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As a multifaceted research field, bilingualism and multilingualism touch on neuronal and psychological issues, questions about family upbringing and school education, areas of linguistic methodology and didactics, questions of curriculum and school programme design, all the way to issues of linguistic politics, linguistic rights and economics.


On the one hand, my principles and methods are based on the latest research literature on multilingual language acquisition. I am driven to research the latest scientific findings – whether on the subject of neurolinguistics, psycholinguistics or language education – and to incorporate this into the advice I give. 


On the other hand, the approach I take with my advice is based on Maria Montessori's method for promoting language, for the furtherance of children's linguistic abilities was a matter particularly close to her heart. With me, the child always comes first – along with all his or her needs and interests, and his or her development. It is not a question of imposing something on the child, but of recognising the child's strengths and motivating him or her to learn languages with curiosity and interest, and on his or her own initiative. The stages of language development follow a similar order in many children, but the point in time at which a child is particularly interested and is receptive to certain aspects of language learning varies. I try to discern the time frames of spontaneous expressions and spontaneous interest on the part of the child.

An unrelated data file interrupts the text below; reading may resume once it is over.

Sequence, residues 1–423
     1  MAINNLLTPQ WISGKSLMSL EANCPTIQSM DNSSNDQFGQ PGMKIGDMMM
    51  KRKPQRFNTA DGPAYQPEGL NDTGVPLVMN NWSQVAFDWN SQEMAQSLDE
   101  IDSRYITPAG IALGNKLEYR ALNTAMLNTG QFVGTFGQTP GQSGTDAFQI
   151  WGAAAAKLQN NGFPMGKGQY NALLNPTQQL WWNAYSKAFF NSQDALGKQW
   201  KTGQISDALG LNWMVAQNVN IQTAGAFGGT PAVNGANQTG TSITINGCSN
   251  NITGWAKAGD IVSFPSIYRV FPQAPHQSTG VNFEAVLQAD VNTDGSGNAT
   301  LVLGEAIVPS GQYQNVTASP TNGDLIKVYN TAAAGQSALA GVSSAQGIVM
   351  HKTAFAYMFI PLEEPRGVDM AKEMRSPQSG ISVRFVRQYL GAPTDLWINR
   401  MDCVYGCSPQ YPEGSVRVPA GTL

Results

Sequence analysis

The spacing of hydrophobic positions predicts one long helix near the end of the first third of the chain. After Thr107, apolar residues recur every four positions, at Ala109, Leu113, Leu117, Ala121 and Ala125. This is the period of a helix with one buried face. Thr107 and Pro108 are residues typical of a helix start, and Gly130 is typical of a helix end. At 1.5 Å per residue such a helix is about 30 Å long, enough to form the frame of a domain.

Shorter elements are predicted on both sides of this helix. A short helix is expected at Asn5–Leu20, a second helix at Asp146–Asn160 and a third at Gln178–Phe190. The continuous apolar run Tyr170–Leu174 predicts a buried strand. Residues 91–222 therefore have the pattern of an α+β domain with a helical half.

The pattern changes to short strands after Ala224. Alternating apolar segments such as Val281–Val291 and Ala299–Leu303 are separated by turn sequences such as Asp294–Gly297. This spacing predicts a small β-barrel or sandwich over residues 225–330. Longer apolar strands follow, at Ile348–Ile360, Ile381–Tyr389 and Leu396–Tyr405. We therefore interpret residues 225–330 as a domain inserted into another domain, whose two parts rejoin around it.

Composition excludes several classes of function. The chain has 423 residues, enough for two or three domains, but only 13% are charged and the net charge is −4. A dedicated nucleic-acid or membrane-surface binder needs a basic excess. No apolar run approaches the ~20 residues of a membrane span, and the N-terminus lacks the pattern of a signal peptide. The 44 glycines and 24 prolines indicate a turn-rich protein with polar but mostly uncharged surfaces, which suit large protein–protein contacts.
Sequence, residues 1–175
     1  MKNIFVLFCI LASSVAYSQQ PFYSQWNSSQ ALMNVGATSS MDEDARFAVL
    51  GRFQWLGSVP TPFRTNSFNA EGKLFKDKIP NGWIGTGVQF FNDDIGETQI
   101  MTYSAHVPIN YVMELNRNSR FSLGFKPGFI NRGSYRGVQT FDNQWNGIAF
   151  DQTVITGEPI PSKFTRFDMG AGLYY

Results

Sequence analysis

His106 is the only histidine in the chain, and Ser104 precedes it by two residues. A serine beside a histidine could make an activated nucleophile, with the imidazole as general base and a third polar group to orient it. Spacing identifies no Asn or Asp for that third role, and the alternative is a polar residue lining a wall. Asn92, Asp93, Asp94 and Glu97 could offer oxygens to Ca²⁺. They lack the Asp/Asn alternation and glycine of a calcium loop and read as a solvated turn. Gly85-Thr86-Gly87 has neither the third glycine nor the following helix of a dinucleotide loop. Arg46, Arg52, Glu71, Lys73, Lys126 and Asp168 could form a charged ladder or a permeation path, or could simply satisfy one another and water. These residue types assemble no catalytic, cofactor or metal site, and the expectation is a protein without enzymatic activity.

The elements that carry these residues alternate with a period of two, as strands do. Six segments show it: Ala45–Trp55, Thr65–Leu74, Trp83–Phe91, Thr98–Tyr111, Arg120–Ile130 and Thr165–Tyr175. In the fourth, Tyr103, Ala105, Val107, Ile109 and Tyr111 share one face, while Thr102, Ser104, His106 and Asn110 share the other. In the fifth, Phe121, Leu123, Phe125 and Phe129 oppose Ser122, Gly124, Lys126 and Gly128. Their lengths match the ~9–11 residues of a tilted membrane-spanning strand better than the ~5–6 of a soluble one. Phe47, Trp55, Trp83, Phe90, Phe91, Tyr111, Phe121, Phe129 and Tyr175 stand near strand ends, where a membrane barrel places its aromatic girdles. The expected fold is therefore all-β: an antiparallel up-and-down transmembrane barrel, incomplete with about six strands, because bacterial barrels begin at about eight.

And last but not least, my attitude is based on mutual respect and the conviction that all people are equal in all their facets. 

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